therefore have been executed and delivered, except as herein otherwise provided; and the laws of
the State of Kansas regulating the descent and partition of real estate shall, so far as practicable,
apply to all lands in the Indian Territory which may be allotted in severalty under the provisions
of this act: And provided further, That at any time after lands have been allotted to all the Indians
of any tribe as herein provided, or sooner if in the opinion of the President it shall be for the best
interests of said tribe, it shall be lawful for the Secretary of the Interior to negotiate with such
Indian tribe for the purchase and release by said tribe, in conformity with the treaty or statute
under which such reservation is held, of such portions of its reservation not allotted as such tribe
shall, from time to time, consent to sell, on such terms and conditions as shall be considered just
and equitable between the United States and said tribe of Indians, which purchase shall not be
complete until ratified by Congress, and the form and manner of executing such release
prescribed by Congress: Provided however, That all lands adapted to agriculture, with or without
irrigation so sold or released to the United States by any Indian tribe shall be held by the United
States for the sale purpose of securing homes to actual settlers and shall be disposed of by the
United States to actual and bona fide settlers only tracts not exceeding one hundred and sixty
acres to any one person, on such terms as Congress shall prescribe, subject to grants which
Congress may make in aid of education: And provided further, That no patents shall issue
therefor except to the person so taking the same as and homestead, or his heirs, and after the
expiration of five years occupancy therof as such homestead; and any conveyance of said lands
taken as a homestead, or any contract touching the same, or lieu thereon, created prior to the date
of such patent, shall be null and void. And the sums agreed to be paid by the United States as
purchase money for any portion of any such reservation shall be held in the Treasury of the
United States for the sole use of the tribe or tribes Indians; to whom such reservations belonged;
and the same, with interest thereon at three per cent per annum, shall be at all times subject to
appropriation by Congress for the education and civilization of such tribe or tribes of Indians or
the members thereof. The patents aforesaid shall be recorded in the General Land Office, and
afterward delivered, free of charge, to the allottee entitled thereto. And if any religious society or
other organization is now occupying any of the public lands to which this act is applicable, for
religious or educational work among the Indians, the Secretary of the Interior is hereby
authorized to confirm such occupation to such society or organization, in quantity not exceeding
one hundred and sixty acres in any one tract, so long as the same shall be so occupied, on such
terms as he shall deem just; but nothing herein contained shall change or alter any claim of such
society for religious or educational purposes heretofore granted by law. And hereafter in the
employment of Indian police, or any other employees in the public service among any of the
Indian tribes or bands affected by this act, and where Indians can perform the duties required,
those Indians who have availed themselves of the provisions of this act and become citizens of
the United States shall be preferred.

SEC. 6. That upon the completion of said allotments and the patenting of the lands to said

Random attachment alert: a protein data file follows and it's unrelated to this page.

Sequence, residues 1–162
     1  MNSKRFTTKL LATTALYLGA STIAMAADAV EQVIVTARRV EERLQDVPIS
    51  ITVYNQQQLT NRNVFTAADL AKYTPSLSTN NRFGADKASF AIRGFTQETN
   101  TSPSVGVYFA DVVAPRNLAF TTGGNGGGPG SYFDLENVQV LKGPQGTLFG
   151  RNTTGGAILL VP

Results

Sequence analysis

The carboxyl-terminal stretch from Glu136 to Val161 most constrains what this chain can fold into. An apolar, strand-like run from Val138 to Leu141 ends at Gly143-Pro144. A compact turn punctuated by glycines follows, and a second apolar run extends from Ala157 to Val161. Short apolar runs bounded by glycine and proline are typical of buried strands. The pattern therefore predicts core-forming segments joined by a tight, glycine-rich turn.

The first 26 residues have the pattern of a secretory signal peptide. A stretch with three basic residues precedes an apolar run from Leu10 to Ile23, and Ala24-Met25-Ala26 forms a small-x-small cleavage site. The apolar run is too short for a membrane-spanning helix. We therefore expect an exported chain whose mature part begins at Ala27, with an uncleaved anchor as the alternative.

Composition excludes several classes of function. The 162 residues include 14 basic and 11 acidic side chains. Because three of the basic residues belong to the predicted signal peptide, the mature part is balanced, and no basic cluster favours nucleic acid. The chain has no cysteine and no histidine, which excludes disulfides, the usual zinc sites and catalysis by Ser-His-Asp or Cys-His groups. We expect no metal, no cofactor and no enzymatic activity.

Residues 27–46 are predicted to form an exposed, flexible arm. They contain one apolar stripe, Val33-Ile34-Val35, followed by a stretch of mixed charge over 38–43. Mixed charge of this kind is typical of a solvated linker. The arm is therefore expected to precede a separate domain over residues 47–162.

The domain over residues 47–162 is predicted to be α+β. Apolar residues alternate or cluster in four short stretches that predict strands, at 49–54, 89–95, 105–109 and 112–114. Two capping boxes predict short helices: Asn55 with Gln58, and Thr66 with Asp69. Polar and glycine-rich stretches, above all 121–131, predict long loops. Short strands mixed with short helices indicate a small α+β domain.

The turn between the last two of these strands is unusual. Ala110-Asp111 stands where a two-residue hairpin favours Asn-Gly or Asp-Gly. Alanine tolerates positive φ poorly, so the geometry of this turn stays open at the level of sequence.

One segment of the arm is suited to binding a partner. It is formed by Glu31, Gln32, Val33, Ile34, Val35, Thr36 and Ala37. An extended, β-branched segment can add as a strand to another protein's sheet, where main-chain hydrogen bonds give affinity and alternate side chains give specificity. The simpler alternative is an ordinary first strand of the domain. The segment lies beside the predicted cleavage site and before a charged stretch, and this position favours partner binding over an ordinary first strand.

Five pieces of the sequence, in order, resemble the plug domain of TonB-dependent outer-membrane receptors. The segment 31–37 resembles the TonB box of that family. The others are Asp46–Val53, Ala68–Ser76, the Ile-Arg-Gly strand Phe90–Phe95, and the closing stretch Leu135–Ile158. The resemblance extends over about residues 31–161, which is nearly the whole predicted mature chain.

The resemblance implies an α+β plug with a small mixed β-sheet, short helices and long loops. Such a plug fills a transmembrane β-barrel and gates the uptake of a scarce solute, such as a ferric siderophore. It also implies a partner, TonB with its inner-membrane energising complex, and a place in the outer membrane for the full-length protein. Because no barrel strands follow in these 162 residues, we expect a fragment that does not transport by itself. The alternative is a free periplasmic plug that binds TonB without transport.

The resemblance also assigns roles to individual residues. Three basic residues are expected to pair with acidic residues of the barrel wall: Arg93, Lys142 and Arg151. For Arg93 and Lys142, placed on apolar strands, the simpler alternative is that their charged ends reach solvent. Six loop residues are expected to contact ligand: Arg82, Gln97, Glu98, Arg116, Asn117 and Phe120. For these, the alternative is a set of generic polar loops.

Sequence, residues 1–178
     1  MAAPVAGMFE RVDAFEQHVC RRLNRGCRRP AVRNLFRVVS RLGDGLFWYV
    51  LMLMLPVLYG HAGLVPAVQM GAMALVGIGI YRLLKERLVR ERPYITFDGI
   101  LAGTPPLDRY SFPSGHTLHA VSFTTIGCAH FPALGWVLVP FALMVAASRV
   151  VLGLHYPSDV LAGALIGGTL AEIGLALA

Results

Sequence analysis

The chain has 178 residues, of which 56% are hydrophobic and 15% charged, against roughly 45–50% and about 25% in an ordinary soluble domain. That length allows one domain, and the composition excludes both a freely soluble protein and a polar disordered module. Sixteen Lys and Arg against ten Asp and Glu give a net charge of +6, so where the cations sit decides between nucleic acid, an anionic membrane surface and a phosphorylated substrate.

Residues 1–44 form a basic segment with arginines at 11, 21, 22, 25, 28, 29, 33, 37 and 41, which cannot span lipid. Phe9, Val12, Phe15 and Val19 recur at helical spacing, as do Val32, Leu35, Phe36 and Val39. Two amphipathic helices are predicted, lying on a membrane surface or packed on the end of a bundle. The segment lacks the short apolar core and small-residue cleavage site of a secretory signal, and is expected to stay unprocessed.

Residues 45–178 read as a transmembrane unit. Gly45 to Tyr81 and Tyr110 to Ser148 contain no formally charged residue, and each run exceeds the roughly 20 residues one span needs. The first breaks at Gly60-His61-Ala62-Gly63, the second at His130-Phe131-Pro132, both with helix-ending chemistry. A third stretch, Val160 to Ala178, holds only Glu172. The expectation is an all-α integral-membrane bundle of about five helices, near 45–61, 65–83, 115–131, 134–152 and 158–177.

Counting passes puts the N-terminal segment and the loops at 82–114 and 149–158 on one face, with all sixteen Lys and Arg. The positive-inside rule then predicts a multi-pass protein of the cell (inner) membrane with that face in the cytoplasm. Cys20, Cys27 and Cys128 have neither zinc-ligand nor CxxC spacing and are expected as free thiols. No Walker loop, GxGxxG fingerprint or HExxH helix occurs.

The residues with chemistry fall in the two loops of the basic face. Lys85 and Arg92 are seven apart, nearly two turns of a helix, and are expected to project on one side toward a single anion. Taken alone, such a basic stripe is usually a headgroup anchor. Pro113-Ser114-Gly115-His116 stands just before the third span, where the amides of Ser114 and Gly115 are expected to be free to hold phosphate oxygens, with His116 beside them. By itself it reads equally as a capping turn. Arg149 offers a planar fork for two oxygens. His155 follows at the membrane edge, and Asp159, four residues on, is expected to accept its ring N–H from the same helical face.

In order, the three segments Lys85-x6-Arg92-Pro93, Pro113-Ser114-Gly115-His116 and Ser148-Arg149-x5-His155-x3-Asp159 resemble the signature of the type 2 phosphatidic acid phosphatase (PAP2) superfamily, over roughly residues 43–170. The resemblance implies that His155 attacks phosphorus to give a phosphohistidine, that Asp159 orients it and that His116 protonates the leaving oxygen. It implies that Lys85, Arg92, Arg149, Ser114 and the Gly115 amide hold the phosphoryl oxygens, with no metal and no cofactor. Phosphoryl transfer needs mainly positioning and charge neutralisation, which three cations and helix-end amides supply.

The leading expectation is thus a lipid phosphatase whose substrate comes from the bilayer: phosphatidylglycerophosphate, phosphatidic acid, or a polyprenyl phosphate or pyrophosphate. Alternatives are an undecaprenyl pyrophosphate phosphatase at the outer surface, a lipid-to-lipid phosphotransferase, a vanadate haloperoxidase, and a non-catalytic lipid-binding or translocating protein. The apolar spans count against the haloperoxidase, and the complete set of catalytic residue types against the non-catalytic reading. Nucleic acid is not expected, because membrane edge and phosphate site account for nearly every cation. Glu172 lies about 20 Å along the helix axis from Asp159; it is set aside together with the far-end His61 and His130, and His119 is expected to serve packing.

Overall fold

allottees, each and every number of the respective bands or tribes of Indians to whom allotments
have been made shall have the benefit of and be subject to the laws, both civil and criminal, of
the State or Territory in which they may reside; and no Territory shall pass or enforce any law
denying any such Indian within its jurisdiction the equal protection of the law. And every Indian
born within the territorial limits of the United States to whom allotments shall have been made
under the provisions of this act, or under any law or treaty, and every Indian born within the
territorial limits of the United States who has voluntarily taken up, within said limits, his
residence separate and apart from any tribe of Indians therein, and has adopted the habits of
civilized life, is hereby declared to be a citizen of the United States, and is entitled to all the
rights, privileges, and immunities of such citizens, whether said Indian has been or not, by birth
or otherwise, a member of any tribe of Indians within the territorial limits of the United States
without in any manner affecting the right of any such Indian to tribal or other property.

SEC. 7. That in cases where the use of water for irrigation is necessary to render the lands within
any Indian reservation available for agricultural purposes, the Secretary of the Interior be, and he
is hereby, authorized to prescribe such rules and regulations as he may deem necessary to secure
a just and equal distribution thereof among the Indians residing upon any such reservation; and
no oother appropriation or grant of water by any riparian proprietor shall permitted to the damage
of any other riparian proprietor.

SEC. 8. That the provisions of this act shall not extend to the territory occupied by the
Cherokees, Creeks, Choctaws, Chickasaws, Seminoles, and Osage, Miamies and Peorias, and
Sacs and Foxes, in the Indian Territory, nor to any of the reservations of the Seneca Nation of
New York Indians in the State of New York, nor to that strip of territory in the State of Nebraska
adjoining the Sioux Nation on the south added by executive order.

SEC. 9. That for the purpose of making the surveys and resurveys mentioned in section two of
this act, there be, and hereby is, appropriated, out of any moneys in the Treasury not otherwise
appropriated, the sum of one hundred thousand dollars, to be repaid proportionately out of the
proceeds of the sales of such land as may be acquired from the Indians under the provisions of
this act.

SEC. 10. That nothing in this act contained shall be so construed to affect the right and power of
Congress to grant the right of way through any lands granted to an Indian, or a tribe of Indians,
for railroads or other highways, or telegraph lines, for the public use, or condemn such lands to
public uses, upon making just compensation.

SEC. 11. That nothing in this act shall be so construed as to prevent the removal of the Southern
Ute Indians from their present reservation in Southwestern Colorado to a new reservation by and
with consent of a majority of the adult male members of said tribe.

Approved, February, 8, 1887.